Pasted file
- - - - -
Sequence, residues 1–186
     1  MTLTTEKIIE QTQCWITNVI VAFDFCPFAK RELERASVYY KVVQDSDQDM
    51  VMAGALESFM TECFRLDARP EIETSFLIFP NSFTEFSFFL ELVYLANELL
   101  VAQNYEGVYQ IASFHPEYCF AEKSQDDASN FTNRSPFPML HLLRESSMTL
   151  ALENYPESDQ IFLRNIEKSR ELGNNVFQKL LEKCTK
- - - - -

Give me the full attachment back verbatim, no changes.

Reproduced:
Sequence, residues 1–186
     1  MTLTTEKIIE QTQCWITNVI VAFDFCPFAK RELERASVYY KVVQDSDQDM
    51  VMAGALESFM TECFRLDARP EIETSFLIFP NSFTEFSFFL ELVYLANELL
   101  VAQNYEGVYQ IASFHPEYCF AEKSQDDASN FTNRSPFPML HLLRESSMTL
   151  ALENYPESDQ IFLRNIEKSR ELGNNVFQKL LEKCTK